and officers, which would shift the entire balance of power in the region (and
beyond) against Washington (BBC News May 8, 2009). Instead of ‘containing’ and
limiting the area of combat in Afghanistan, Obama’s Pakistan policy has widened
the front and implicated a large but fragile client state in an extended war
which could bring about its downfall – not unlike the overthrow of the Shah of
Iran (Financial Times April 27, 2009 p.5).Obama’s escalation in Afghanistan precludes a negotiated
national settlement with the Taliban, which confines it to Afghanistan, in
exchange for limiting its role as a safe haven for Al Queda. Under increased US
attack, the Taliban have internationalized their fight beyond their contiguous
borders with Pakistan raising the specter of the US extending deeper into that
country in support of their failed client in Islamabad.

Israel-Palestine Policy

White House policy toward the Israeli occupation of
Palestine has been characterized by ritual reiteration of policy ( a ‘Two-State
Solution’), indecisive and inconsequential attempts to formulate a coherent
strategy and capitulation to Israel’s continued territorial expansion (BBC News
April 18, 2009). Obama is faced with an openly annexationalist newly-elected
far-right government, which rejects even the language of a ‘Two-State Solution’
in direct repudiation of his stated policy (BBC News April 1, 2009). Washington
passively submits to Israeli rebuffs.

Obama’s Middle East policy appointees from top to bottom
are mostly Israel-Firsters. The Obama regime and the Democratic Party
leadership in the Congress are indebted to the Zionist lobby, which rejects any
attempt to even ‘pressure’ Israel – thus disarming any of the possible economic
or military levers which could be used to pry concessions from the
Netanyahu-Leiberman regime. Worse still, Washington supports the Israeli
blockade of Gaza ruled by the democratically elected Hamas government in power,
thus strengthening Israel’s iron grip on the Palestinians.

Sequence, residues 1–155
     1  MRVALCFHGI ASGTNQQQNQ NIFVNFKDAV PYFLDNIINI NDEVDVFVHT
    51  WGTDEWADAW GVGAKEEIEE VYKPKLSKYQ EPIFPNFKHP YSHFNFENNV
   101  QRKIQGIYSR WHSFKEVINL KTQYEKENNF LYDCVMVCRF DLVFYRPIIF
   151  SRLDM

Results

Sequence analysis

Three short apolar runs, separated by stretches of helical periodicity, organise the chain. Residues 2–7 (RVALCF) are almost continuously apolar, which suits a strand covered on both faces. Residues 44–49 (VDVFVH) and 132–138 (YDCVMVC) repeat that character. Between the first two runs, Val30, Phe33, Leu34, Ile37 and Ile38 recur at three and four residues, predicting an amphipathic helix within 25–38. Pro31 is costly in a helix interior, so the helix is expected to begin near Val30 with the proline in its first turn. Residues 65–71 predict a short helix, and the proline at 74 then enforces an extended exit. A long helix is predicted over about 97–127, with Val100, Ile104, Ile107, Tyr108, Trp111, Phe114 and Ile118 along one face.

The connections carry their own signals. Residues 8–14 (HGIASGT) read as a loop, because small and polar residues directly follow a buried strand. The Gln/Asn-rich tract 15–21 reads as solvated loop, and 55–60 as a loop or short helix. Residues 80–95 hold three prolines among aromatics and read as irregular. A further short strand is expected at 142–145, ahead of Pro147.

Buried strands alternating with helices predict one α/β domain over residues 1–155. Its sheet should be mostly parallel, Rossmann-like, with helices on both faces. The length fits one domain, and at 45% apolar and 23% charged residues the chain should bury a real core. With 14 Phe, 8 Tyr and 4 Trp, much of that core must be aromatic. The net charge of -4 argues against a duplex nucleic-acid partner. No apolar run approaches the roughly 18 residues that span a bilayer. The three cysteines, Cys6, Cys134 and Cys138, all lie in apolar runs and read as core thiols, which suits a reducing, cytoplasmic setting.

One of President Obama’s most egregious foreign policy
failures took place during his May 18, 2009 meeting in Washington with Israeli
Prime Minister Benyamin Netanyahu. After having made as Israeli-Palestinian
‘two-state’ settlement one of his major foreign policy goals, Obama failed to
even secure a verbal commitment from the Israeli extremist leader (BBC News May
19, 2009). After 4 hours of discussion, Netanyahu rejected Obama’s offer to
consider a time limit on diplomatic overtures to Iran (with the implicit threat
of a military option) in exchange for the Likud Prime Minister mouthing the
‘three words’: ‘two state solution’! Worse still from the White House view,
Natanyahu insisted that any negotiations with the Palestinians were conditional
on their recognition of Israel as a Jewish State, thus disenfranchising the 1.5
million Palestinian Muslim and Christians who remained after the mass

As if to flaunt his disdain for Obama’s call for a freeze
on new settlements, Netanyahu’s regime accelerated plans for 20 new Jewish
housing settlements in the occupied West Bank – precisely on the day of their
meeting. Worst of all, Obama came out of the meeting displaying his utter
impotence – he could not even make a ‘show’ of having any influence on the
extremist Jewish Prime Minister. Netanyahu’s brazen and public repudiation of
Obama was based on his clear understanding that the power of the US Zionist Power
Configuration in Congress and in the Executive branch guaranteed that Obama
would not counter Israeli extremism by threatening to decrease US financial or
military aid to the Jewish state. After weeks of rumors and stories of Obama’s

to confront or pressure Netanyahu to accept a two state
solution, the end result was a humiliating public debacle in which Obama
secured absolutely nothing.

Following his meeting with Obama, Netanyahu (the visitor)
went to the US Congress with his power base among a huge majority of members of
the House and Senate and top Zionist Jewish leaders, where almost the entire
elected US representative body re-affirmed its unconditional support for
Israeli policy – strictly on Netanyahu’s terms. The impotence and failings of
President Obama in his dealing with Netanyahu was not lost on the entire world
(especially the Arab world). Hamas Spokesman, Fawzi Barhoum summed up the
general perception thus: “The statements (about a two-state solution) by Obama
are nothing but wishes on which we do not much count” (Al Jazeera May 19,

The Obama reigme ‘immersion’ in Zionist-Israeli politics
blinds it to the favorable opportunities for a grand accord in the region.
Hamas leaders have shut down all rocket retaliatory attacks on Israel and
called for a 10-year cease fire (The New York Times May 4, 2009). The Arab
League (including the Gulf States) has reiterated its willingness to recognize
Israel and open diplomatic relations in exchange for an end of the occupation
of the West Bank and blockade of Gaza. The European Union has opened dialog
with Hamas and Hezbollah while postponing extending ‘special’ economic status
to Israel. Even Iran has agreed to accept a Palestinian settlement based on the
Two-State Solution. Faced with major shifts and concessions, the Obama regime
remains impotent It is unable to put any muscle behind its proposals; it
struggles even to set conditions for the resumption of peace negotiations. In
the meantime, the Zionist Power Configuration inside and outside presses
forward with new and more dangerous sanctions against Iran. During the AIPAC